Retailers, consumers and prices
Most consumers in romantic relationships don’t plan to spend much, if anything, on Valentine’s Day gifts, according to a new survey from Accenture. That backs up the findings from a National Retail Federation survey, which found that U.S. couples planned to spend 6 percent less on each other this year.
Most respondents in Accenture’s survey said they only planned to spend up to $50 on gifts. Nearly 13 percent of women and 5.5 percent of men said they planned to spend nothing. Kiplinger has some ideas for them.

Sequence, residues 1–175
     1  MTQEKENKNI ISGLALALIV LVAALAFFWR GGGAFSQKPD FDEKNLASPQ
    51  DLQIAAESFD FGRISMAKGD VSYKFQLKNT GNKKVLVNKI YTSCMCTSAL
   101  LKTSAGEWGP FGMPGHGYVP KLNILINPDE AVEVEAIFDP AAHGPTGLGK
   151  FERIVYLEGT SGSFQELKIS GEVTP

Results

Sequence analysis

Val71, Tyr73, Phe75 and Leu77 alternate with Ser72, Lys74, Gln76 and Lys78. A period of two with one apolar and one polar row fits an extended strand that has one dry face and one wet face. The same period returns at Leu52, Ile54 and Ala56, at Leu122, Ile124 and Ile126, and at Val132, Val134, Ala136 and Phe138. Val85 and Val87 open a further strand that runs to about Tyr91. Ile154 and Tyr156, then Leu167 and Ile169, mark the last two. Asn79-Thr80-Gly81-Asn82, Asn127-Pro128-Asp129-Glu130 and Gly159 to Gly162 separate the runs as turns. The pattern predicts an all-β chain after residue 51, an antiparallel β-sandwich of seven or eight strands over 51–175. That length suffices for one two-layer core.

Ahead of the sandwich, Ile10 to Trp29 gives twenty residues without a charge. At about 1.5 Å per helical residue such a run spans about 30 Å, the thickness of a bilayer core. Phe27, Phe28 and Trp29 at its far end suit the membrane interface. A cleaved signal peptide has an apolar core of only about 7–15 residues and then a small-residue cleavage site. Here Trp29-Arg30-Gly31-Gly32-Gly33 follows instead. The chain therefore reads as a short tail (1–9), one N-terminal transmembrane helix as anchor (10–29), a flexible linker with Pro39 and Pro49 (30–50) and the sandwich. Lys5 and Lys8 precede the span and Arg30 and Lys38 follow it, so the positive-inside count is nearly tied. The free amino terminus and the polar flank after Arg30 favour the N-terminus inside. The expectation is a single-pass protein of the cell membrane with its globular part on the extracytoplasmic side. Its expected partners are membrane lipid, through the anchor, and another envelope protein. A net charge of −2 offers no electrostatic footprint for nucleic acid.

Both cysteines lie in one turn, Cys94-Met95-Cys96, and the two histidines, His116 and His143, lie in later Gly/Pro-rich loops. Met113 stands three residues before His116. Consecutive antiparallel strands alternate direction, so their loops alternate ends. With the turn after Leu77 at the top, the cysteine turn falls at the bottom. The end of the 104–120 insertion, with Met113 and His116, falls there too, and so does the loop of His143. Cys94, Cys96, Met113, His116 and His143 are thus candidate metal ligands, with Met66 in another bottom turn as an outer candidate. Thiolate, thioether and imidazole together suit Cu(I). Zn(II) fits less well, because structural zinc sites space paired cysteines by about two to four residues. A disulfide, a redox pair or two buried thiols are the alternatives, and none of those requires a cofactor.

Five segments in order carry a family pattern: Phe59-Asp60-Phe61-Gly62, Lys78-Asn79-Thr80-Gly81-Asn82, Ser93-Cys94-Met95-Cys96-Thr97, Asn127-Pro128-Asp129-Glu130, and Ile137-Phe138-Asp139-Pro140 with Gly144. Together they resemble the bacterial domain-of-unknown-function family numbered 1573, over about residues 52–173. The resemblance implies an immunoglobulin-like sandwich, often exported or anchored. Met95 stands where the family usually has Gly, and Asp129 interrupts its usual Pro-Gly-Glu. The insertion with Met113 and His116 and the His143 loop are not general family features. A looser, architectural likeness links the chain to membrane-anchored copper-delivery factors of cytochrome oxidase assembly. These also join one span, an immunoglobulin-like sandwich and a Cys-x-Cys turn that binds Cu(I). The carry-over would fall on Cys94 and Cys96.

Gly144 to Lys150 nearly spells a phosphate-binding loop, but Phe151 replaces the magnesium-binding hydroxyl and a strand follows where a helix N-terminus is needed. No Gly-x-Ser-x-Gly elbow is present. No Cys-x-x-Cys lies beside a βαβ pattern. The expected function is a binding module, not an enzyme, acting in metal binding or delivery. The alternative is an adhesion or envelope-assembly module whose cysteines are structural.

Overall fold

Those who are buying may be more practical, as they fret about home prices, stock portfolios and job security.
It will open smaller stores in urban markets. It will add its PFresh food concept into hundreds of stores, boosting customer traffic. It will explore overseas expansion in Canada, Mexico or Latin America.
Need a mate this Valentine’s Day? Whole Foods wants to help.
The high-end seller of organic, natural and gourmet food has been throwing singles’ mixers in stores around the country as Valentine’s Day approaches.
The chain’s hometown of Austin hosted an event called “Check Out” and to give us a flavor of the evening, it supplied this picture: